Call it the revenge of Quinn Morgendorffer: no matter what you end up buying the angsty malcontent in your life for the holidays, a new study has proven that their bad attitude is bound to continue in a vicious cycle. Data collected from 10,000 American teenagers by University College London and the University of Warwick appeared in the journal Proceedings of the National Association of Sciences, which judged the kids' happiness on a scale of one to five, found that those who were happiest as young adults grew up to make about $8,000 more than those who ranked the lowest on the teen happiness scale. Meanwhile, the saddest of the adolescent bunch earned about 10% less than the others. This held true despite all of the other factors researchers took into consideration: IQ, education level, self esteem and height.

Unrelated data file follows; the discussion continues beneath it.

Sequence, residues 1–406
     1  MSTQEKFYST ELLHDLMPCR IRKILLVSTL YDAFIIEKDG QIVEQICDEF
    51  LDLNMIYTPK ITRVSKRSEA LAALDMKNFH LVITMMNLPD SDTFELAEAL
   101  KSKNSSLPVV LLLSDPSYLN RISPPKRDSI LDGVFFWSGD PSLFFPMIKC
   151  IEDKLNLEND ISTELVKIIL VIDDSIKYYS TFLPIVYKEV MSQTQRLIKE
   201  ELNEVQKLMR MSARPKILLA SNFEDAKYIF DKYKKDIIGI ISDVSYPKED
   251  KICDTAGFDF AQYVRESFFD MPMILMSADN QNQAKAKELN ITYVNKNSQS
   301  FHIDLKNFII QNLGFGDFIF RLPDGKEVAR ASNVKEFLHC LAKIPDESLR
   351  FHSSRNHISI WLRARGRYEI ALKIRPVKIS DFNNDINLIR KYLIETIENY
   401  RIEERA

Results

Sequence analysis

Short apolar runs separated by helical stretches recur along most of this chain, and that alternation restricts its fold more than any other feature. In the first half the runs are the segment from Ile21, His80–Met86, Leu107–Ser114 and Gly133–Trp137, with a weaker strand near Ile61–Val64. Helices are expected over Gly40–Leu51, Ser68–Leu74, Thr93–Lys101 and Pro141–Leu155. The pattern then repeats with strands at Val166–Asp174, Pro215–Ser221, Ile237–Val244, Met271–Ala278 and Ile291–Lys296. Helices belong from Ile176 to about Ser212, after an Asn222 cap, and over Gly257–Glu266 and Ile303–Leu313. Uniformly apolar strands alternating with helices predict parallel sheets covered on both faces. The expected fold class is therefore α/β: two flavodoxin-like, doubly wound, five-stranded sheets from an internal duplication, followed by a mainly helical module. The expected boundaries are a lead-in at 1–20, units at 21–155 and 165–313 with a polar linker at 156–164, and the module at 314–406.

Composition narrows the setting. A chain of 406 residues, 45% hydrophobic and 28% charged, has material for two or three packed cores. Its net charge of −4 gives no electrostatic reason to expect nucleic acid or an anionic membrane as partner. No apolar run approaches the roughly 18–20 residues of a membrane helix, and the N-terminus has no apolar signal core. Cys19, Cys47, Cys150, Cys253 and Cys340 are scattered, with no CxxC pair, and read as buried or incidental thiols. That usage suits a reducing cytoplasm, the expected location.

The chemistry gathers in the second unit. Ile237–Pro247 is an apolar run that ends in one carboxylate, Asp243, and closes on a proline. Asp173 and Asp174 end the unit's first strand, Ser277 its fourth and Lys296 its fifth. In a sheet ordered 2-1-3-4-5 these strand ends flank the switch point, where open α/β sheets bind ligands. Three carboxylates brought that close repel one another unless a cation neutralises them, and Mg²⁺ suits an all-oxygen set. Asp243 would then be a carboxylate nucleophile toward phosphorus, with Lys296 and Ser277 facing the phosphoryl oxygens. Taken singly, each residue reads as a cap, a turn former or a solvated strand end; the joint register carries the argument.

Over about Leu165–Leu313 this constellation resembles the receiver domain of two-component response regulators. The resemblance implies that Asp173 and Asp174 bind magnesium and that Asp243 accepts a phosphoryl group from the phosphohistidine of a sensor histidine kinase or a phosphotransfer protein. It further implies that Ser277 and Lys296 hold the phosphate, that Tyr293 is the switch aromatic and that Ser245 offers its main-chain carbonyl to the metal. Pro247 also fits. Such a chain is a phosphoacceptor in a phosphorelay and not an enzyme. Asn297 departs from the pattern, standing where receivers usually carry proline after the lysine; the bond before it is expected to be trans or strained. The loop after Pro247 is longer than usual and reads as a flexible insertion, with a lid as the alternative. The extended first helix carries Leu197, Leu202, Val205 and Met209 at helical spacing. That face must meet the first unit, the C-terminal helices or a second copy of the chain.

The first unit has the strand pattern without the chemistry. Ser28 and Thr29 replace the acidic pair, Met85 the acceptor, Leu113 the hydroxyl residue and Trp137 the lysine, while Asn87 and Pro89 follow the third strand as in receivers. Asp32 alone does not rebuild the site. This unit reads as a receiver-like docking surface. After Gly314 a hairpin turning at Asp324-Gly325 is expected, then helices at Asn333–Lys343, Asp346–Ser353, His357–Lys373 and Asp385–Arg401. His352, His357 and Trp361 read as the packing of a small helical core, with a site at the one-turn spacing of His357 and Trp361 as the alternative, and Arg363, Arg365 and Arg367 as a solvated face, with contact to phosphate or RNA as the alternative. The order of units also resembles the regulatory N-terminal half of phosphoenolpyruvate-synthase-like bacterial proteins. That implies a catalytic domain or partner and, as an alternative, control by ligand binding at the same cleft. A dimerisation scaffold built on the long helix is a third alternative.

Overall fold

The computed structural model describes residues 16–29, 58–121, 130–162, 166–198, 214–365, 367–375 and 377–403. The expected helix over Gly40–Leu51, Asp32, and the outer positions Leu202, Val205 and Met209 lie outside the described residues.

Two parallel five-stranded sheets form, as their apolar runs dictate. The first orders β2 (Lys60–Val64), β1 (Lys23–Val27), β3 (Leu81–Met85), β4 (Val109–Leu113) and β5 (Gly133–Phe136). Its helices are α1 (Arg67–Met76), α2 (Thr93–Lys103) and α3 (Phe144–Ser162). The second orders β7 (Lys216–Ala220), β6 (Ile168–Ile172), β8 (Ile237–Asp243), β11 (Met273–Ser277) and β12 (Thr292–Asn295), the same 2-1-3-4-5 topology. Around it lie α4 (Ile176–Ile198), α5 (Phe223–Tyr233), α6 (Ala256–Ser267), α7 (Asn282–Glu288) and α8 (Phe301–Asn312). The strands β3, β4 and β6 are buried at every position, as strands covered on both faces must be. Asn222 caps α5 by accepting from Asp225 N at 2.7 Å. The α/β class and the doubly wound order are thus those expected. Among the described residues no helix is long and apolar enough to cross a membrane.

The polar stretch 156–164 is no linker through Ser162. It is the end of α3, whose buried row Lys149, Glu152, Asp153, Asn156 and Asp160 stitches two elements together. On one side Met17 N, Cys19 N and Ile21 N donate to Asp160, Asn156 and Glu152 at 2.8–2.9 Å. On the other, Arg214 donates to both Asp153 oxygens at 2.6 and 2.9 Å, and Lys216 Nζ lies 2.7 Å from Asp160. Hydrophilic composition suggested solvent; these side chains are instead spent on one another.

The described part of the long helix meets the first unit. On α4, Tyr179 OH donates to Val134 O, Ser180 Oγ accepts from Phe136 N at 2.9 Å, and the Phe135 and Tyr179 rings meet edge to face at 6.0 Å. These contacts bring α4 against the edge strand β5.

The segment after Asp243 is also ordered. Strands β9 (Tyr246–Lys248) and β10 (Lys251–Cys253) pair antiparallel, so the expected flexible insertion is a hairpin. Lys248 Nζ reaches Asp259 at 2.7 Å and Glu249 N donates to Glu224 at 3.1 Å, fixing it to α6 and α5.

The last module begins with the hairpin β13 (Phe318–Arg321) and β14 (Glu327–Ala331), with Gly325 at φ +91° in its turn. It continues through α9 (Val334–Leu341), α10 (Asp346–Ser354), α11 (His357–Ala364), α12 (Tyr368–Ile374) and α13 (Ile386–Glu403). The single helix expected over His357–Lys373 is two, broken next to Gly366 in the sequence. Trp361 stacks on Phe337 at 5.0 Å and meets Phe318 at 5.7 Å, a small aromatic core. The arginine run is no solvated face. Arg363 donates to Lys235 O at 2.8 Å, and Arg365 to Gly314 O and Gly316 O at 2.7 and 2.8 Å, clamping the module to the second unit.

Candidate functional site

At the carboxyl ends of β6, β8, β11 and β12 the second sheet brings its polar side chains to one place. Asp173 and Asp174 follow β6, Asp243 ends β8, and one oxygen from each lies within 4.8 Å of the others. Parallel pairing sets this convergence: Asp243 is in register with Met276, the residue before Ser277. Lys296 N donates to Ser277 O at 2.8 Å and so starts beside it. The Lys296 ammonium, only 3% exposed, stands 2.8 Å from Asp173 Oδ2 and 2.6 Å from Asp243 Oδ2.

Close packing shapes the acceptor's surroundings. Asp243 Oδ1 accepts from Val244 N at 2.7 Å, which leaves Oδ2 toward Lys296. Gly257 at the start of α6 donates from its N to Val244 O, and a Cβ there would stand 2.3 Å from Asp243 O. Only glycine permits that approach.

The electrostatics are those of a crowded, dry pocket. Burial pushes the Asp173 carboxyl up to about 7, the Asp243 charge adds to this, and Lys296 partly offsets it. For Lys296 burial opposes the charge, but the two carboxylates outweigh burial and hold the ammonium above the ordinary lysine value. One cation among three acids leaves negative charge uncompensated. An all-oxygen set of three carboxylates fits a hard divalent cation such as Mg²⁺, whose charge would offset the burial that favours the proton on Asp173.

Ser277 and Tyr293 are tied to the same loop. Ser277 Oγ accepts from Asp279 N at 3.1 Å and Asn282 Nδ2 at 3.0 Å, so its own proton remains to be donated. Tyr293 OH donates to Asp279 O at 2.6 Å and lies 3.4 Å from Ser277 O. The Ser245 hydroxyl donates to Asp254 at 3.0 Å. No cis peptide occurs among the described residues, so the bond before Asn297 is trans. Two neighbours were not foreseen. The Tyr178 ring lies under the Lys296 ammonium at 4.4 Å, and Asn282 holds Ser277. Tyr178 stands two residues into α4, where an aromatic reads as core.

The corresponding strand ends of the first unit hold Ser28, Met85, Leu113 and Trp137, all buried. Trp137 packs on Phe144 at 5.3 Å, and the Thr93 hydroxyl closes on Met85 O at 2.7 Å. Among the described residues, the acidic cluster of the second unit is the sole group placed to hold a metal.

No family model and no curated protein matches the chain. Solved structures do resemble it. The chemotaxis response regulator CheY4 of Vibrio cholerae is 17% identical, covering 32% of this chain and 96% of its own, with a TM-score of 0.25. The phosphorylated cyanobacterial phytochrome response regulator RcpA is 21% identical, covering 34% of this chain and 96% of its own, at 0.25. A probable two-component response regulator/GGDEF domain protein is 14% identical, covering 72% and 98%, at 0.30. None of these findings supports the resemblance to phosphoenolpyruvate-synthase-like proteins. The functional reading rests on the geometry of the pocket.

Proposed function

Kinja is in read-only mode. We are working to restore service.